The Sunday Salon-Summer Reading

The Sunday Salon.com

 The light in Angela’s backyard was dappled by the trees, as it always was in the full of their season, but there was enough of it to read by.  She’d cut the grass that morning, and it’s fragrance still lingered.  The family of birds that made their home in her yard – red-breasted nuthatches, according to the bird book – twittered and shook the leaves overhead, but when she looked up she couldn’t see them.  They were alive and hidden, like the past, or the future.  She opened the book on her chest and put one foot down on the grass to make the hammock rock.  It was like pushing out to sea in a rowboat.  So this is summer reading, she thought….from Summer Reading, by Hilma Wolitzer

Ah, Michigan, finally you’re fulfilling the promise of spring.  I bustled through the house today, throwing wide all the windows, dusting off long unused blades of ceiling fans, rummaging through the piles of boots on my closet floor to find my most  comfortable sandals.   Today offered us every element of the summer weather to come, complete with a thunderstorm which blustered through just after dinner.

So it was the perfect day to finish Summer Reading(the novel) and begin to think about summer reading (in general).  Although I didn’t have a hammock to relax in, I dragged my Adirondack chairs into the middle of the backyard, and with Magic and Molly happily stretched out in the green grass at my feet,  set to reading.

Summer Readingis about three very different women whose lives intersect through reading.  There’s  Angela Graves, a retired English professor who leads reading groups; Lissy Snyder, a young society wife spending her first summer in the Hamptons; and Michelle Cutty, a local girl who works as Lissy’s summer “help.”  Each woman is struggling with personal issues surrounding their relationships and their past, and each woman finds enlightenment of sorts in the summer reading Angela sets the group.  Angela believes that literature “teaches us how to live,” and as her group studies the words of  authors from Flaubert (Madame Bovary) to Garcia-Marquez (Love in the Time of Cholera), their summer reading appears to prove this theory.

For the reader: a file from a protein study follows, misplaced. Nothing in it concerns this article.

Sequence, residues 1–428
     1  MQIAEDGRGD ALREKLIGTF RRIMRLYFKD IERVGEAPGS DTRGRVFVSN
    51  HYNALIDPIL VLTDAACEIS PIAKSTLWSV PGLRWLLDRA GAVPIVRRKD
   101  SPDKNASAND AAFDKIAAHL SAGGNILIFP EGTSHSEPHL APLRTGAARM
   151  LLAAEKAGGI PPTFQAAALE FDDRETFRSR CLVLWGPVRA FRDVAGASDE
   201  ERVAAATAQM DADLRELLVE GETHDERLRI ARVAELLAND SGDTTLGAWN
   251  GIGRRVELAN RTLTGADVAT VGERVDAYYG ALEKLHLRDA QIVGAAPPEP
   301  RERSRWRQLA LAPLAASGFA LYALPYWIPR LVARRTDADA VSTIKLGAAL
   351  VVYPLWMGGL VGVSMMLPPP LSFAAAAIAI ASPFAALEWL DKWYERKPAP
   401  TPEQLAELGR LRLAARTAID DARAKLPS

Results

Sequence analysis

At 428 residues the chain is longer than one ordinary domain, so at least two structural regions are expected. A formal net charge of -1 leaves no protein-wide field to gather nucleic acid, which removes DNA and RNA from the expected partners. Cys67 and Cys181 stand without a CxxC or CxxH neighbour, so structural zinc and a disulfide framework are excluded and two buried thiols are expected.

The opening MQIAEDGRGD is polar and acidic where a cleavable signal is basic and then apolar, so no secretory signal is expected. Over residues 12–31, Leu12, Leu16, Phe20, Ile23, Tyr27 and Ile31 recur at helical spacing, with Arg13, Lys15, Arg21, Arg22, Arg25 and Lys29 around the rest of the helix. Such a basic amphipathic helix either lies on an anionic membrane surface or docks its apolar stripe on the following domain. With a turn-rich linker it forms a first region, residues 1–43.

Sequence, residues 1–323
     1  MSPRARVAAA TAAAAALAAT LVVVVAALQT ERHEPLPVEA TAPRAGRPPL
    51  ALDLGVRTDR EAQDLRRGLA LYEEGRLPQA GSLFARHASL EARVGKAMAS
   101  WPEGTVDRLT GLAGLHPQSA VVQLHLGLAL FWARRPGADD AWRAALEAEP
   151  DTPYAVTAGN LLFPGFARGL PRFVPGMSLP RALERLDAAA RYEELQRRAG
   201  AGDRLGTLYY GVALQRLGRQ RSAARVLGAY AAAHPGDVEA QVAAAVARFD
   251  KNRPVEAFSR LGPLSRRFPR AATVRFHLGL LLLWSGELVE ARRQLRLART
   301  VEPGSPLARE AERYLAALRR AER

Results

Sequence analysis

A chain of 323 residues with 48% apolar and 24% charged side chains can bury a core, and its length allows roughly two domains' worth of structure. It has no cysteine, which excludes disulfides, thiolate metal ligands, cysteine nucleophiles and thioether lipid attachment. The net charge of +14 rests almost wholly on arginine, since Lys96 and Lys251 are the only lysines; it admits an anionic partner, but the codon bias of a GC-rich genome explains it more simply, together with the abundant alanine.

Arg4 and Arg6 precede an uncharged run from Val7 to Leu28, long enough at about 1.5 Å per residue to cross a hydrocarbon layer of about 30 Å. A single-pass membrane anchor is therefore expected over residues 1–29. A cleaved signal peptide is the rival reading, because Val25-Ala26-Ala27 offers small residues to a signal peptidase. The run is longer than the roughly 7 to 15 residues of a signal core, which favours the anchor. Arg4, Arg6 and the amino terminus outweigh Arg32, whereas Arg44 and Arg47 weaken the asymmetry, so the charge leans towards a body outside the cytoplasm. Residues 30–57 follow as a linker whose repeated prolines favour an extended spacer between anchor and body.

While the premise might sound cliche, award winning author Hilma Wolitzer makes the novel work very well.  It was  actually  the perfect way to get in the mood for planning my own summer bookstack.  Although I’ve read nearly all the novels taken up by the Page Turners (the aptly named reading group in Wolitzer’s novel), I’m sure I’ll find plenty of others to pique my interest.   After reading this novel, I was in complete agreement with this assessment of Angela’s – “the never ending marvel of other people’s lives was precisely what she had always loved in literature.”


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9 thoughts on “The Sunday Salon-Summer Reading

  1. How is it that I have not heard of this book? You, oh deliverer of good news?

    And you have spring!! Here, today, it was summer, flat out, 95 degrees. A heat wave already. I will rely on you to keep me in spring for the next few weeks.

  2. What a great sounding book to go with this fine fine weather we all were awarded this weekend! And it takes place in the Hamptons? Oh, Becca, I now have a wonderful task this week – find the book, either at the bookstore or the library. Cheers to wearing sandals!

  3. Our tulips are up! I had despaired of any leaves until May but the tulips are up, our patch of garden is suddenly green and the Japanese lilac has leaves coming out. Thank you for the review! I’ll be interested to see what your summer reading is.

  4. What a delightful-sounding book! I haven’t seen it over here, yet, but maybe it will make it in time for summer! We are having a period of lovely weather at the moment, and I always fear it means that nothing nice will happen weather-wise now until late July. But we shall live in hope…. 🙂

  5. I’ve looked at this book before and wasn’t sure about it based on the little I knew and the cover. But, your review has convinced me that it just may be the perfect book for me right now. Thanks, Becca!

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